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The people of Taiwan elected Lai Ching-te as president earlier this month, giving the Democratic Progressive Party another four years in control of Taiwan’s executive branch. Many of the headlines about this result focused on China’s response. But observers should take a moment to appreciate both Taiwan’s successful exercise of democracy and the smart messaging from officials in Taipei and Washington before, during, and after the elections.
Taiwanese and American leaders played election night wisely. Lai Ching-te struck exactly the right tone in his victory speech. He steadfastly committed to “maintain peace and stability in the Taiwan Strait,” but also offered to “pursue exchanges and cooperation with China.” This was hardly the flamethrowing language of which Chinese officials have accused Lai. If anything, his comments signaled a willingness to chart a new path for cross-Strait relations (even if remains unlikely that Beijing will reciprocate).
Before the election, officials back in Washington emphasized that they supported Taiwan’s democratic processes and took no position on Taiwan’s choice of leaders. A White House staffer noted that “regardless of whom is elected, our policy toward Taiwan will remain the same.” To reinforce this point, a bipartisan group of former officials landed in Taipei to congratulate the president-elect and also meet with other political leaders who had contested the election. After all, Taiwan’s Nationalist Party (KMT) and Taiwan People’s Party will remain important political actors in the years ahead as they together account for a majority in Taiwan’s legislature.
That is not to say that everything went exactly according to plan. President Joe Biden, who has said four times that he would defend Taiwan, only stated after the election that “we do not support independence.” Biden’s statement was consistent with administration policy, but this is only one piece of a larger puzzle. It was important therefore that his administration had already put out clear talking points that placed this remark in a broader context.
The basic bargain that American leaders must embrace is making clear that the United States intends to uphold deterrence to “maintain peace and stability in the Taiwan Strait” yet “does not take a position on the ultimate resolution of cross-Strait differences, provided they are resolved peacefully.” This is a fine line to walk, but it is the right message for China, Taiwan, and the rest of the world. By getting out ahead of the election with a clear message, officials avoided Biden’s remarks distracting too much from the successful exercise of democracy in Taiwan.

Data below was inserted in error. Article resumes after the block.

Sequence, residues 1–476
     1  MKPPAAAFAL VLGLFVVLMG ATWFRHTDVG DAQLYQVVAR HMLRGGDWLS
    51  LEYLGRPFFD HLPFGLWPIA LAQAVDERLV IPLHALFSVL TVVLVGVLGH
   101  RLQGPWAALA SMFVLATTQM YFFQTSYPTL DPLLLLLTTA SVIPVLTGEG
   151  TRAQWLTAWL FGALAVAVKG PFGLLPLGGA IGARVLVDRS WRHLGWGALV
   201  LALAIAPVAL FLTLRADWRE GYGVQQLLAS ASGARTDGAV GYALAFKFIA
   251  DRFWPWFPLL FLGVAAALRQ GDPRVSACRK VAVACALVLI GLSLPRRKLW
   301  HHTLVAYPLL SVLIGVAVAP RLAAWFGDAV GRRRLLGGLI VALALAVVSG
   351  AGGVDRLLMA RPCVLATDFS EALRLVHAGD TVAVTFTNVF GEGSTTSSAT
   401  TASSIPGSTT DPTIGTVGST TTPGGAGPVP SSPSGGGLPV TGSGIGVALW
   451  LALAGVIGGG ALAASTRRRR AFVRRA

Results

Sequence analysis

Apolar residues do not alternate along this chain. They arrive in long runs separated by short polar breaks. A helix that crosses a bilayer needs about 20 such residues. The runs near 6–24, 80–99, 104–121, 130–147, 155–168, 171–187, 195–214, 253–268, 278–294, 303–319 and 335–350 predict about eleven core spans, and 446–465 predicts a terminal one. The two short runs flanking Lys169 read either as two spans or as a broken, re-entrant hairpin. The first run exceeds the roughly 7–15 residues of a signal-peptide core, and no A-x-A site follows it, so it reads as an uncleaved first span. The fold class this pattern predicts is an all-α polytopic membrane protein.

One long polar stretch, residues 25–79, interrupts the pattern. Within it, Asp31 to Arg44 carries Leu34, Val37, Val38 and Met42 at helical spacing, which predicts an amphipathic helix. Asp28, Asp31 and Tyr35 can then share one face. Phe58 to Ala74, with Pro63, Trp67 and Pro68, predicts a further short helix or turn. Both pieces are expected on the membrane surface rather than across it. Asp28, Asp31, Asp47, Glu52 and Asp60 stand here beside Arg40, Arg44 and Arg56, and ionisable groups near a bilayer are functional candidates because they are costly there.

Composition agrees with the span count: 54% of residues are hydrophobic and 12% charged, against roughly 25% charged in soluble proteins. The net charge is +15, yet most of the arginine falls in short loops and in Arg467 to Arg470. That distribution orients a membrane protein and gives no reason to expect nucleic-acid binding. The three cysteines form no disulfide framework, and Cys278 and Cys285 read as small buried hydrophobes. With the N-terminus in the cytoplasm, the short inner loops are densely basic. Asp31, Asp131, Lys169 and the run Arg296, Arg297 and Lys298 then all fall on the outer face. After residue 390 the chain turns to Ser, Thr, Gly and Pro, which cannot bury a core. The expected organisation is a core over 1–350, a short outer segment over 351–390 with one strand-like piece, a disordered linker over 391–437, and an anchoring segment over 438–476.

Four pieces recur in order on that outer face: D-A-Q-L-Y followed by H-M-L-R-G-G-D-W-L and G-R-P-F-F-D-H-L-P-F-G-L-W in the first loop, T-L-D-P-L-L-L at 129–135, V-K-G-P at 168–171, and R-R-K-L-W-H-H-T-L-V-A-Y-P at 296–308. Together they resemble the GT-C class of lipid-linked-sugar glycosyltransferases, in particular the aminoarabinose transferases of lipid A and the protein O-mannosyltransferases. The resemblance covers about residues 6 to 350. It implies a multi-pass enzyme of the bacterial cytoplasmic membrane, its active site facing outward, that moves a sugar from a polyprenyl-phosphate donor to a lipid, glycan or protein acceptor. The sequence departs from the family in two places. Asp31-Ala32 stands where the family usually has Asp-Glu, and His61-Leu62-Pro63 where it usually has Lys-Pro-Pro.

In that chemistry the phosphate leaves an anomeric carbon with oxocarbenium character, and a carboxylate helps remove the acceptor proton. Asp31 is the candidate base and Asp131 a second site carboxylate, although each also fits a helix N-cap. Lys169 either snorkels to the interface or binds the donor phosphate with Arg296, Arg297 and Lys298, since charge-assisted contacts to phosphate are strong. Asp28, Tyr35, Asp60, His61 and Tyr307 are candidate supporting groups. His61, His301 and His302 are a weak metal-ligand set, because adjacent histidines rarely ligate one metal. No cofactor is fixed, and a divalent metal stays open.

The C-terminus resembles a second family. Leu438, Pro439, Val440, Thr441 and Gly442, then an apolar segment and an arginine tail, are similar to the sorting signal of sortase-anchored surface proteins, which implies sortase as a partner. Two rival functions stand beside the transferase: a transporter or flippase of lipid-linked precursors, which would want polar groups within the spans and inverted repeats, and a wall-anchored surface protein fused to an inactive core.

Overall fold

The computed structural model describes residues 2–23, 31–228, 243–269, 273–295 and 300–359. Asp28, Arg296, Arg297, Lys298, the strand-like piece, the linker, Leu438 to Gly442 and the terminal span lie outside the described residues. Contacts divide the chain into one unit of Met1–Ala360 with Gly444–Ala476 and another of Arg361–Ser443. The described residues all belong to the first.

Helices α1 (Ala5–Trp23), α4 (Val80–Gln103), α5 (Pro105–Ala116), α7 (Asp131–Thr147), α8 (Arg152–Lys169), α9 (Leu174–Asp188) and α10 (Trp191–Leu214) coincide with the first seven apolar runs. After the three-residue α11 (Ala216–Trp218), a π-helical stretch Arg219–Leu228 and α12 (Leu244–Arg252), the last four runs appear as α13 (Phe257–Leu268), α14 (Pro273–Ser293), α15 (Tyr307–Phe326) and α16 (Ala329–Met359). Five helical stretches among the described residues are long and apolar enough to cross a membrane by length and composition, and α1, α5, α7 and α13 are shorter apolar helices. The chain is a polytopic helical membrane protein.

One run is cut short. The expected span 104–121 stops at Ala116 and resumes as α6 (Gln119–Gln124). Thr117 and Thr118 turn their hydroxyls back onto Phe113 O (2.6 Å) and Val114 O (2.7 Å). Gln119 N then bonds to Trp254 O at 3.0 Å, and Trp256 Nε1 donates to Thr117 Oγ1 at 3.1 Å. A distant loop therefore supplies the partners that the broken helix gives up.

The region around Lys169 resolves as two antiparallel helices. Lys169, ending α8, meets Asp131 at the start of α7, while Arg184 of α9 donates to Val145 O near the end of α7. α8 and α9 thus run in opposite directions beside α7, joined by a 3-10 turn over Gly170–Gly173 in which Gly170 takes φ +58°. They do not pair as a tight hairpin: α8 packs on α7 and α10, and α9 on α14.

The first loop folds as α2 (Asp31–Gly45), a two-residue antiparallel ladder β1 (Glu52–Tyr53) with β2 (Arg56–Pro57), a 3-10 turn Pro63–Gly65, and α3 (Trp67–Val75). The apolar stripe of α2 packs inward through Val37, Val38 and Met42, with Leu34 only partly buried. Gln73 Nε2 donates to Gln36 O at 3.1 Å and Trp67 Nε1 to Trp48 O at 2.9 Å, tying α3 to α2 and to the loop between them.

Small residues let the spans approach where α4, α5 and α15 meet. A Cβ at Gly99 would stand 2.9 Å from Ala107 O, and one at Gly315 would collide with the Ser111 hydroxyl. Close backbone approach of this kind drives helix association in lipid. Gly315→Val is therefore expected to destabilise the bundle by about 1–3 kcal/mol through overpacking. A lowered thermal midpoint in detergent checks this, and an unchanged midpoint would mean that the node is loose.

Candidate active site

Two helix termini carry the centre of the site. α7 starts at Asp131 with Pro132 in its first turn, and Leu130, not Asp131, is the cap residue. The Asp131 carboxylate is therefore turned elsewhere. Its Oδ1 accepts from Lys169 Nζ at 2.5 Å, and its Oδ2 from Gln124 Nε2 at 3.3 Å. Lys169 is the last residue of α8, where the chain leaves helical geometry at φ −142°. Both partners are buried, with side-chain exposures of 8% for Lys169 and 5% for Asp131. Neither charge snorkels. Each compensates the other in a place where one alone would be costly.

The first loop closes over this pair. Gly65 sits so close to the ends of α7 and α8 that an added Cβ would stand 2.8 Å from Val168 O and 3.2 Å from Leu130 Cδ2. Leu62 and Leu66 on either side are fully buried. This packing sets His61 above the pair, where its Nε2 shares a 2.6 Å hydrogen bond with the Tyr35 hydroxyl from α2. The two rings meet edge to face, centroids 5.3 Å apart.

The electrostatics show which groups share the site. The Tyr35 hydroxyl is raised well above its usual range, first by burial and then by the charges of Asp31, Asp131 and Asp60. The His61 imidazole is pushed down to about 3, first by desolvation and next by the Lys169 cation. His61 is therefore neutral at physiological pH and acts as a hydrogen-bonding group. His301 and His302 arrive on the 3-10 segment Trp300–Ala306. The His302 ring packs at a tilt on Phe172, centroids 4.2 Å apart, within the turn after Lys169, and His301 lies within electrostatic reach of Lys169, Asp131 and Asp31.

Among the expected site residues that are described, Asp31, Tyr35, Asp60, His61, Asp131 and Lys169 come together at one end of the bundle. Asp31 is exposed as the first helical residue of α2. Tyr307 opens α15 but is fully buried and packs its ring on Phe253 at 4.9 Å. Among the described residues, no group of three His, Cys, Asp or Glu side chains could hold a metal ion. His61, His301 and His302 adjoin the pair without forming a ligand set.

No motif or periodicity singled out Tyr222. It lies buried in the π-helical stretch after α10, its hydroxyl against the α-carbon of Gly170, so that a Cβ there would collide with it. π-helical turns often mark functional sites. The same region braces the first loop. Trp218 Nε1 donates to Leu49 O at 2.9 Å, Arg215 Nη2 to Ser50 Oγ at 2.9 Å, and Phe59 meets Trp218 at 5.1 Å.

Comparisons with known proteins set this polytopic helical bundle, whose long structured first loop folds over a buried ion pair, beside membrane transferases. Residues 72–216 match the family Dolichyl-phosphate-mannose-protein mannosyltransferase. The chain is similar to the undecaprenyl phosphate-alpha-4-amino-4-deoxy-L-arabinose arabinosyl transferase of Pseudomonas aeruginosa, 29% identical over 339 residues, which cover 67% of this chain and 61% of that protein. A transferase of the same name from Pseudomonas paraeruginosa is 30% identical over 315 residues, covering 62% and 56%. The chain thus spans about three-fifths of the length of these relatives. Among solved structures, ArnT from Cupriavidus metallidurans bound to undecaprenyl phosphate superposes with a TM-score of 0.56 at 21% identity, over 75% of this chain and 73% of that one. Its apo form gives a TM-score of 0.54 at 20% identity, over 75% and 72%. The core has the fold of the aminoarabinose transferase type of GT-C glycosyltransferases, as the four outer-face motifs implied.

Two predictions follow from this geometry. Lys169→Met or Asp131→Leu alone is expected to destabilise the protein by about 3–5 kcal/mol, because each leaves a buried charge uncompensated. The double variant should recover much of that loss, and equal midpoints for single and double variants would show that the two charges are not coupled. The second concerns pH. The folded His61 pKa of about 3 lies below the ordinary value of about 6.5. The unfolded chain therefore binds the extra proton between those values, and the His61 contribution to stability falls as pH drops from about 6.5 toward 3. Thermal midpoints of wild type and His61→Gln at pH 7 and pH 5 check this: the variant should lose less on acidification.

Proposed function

Unfortunately, while Taiwan and the United States avoided steps that would increase cross-Strait tensions, China sought to increase the pressure on Taiwan. Beijing reportedly offered $100 million to Nauru in order to peel the island nation away from the list of Taiwan’s dozen remaining diplomatic allies. American and Taiwanese leaders will have to be on the lookout for additional Chinese steps, such as conducting military exercises or putting on more economic pressure.
The fact that China pulled out its usual playbook of pressure tactics on Taiwan, despite Lai’s restrained victory speech, only highlights the failure of its recent policies. Chinese leaders can continue to isolate Taiwan diplomatically, threaten it militarily, and coerce it economically. But these policies have not brought about the political changes that Chinese leaders seek in Taiwan – instead, they have likely inhibited them. Continuing to do the same thing and hoping for different results is not a recipe for success.
With the election over, attention now turns to Lai’s inauguration in four months on May 20. China has reacted badly to a number of recent inauguration speeches, including those of Taiwan’s current president, Tsai Ing-wen. As a result, experts will be alert to this date as the next potential hurdle that all sides will have to manage responsibly to get through 2024 without another cross-Strait crisis.
As we look forward to Lai Ching-te’s inauguration we should not lose sight of the fact that Taipei and Washington have just shown that they can be good stewards of cross-Strait relations. The year ahead will contain many challenges, but at least events earlier this month proved to be a dog that didn’t bark.
Zack Cooper is a senior fellow at the American Enterprise Institute.